Cancer patients in rural and remote communities are often disadvantaged if care is received in a tertiary metropolitan centre due to the distances travelled and the strain it can place on finances, jobs and families. To better understand these patients, an audit was done at the cancer centre at Sir Charles Gairdner Hospital assessing management outcomes at the medical oncology outpatient clinics to better assess if there was a subset of patients who would be suitable for telehealth.
Patient data was extracted from TOPAS (The Open Patient Operating System) of all rural outpatient at SCGH from April 1st 2017 to June 30th 2017. Data collected from each patient included what type of treatment given (IV or oral), if they were on a clinical trial or on surveillance. Management outcomes was collected for all patients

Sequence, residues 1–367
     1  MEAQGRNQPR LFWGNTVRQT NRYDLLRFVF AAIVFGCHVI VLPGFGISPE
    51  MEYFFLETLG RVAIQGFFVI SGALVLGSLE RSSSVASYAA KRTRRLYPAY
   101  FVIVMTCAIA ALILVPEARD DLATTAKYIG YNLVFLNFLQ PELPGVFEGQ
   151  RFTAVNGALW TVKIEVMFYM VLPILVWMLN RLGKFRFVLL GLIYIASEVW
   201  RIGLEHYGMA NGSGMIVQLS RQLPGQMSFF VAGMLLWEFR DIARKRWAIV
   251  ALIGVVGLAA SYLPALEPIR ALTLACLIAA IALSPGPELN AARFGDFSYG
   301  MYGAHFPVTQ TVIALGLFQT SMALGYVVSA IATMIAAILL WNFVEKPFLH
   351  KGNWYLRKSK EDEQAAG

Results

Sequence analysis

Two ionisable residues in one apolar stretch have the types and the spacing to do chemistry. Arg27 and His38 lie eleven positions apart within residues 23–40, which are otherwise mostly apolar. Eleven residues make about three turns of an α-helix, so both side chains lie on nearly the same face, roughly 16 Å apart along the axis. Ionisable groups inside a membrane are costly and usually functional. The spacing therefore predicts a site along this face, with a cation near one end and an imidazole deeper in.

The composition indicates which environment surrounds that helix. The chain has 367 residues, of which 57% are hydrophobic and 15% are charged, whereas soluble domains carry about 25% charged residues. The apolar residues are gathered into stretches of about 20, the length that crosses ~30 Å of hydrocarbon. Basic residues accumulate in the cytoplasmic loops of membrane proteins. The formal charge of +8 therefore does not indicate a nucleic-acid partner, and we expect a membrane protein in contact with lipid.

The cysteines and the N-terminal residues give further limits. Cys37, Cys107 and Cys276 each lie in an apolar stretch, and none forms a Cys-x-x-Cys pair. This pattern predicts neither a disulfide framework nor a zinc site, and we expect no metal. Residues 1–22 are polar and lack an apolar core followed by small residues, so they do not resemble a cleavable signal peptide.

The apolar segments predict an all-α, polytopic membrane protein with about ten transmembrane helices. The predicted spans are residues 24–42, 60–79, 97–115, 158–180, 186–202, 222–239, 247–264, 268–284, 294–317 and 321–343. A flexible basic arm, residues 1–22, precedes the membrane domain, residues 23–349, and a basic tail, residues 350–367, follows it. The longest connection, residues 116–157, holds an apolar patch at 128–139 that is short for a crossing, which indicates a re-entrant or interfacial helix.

There were 430 Medical Oncology appointments during the audit period. 56 were new patients and 374 were follow-ups. 173 appointments involved IV treatment (40%) - chemotherapy or immunotherapy) while 87 were on oral treatments (20%). 45 appointments occurred for clinical trial reasons. 102 appointments were on surveillance. 36% of these patients required other services not available near home e.g. PET, MRI or further specialist opinion
Approximately 28% of patients were on oral treatments or on surveillance that did not require a PET or MRI. These patients may be suitable for telehealth and therefore further planning is required. A large percentage received intravenous treatment – consideration for outreach cancer treatment centres may better cater for such patients.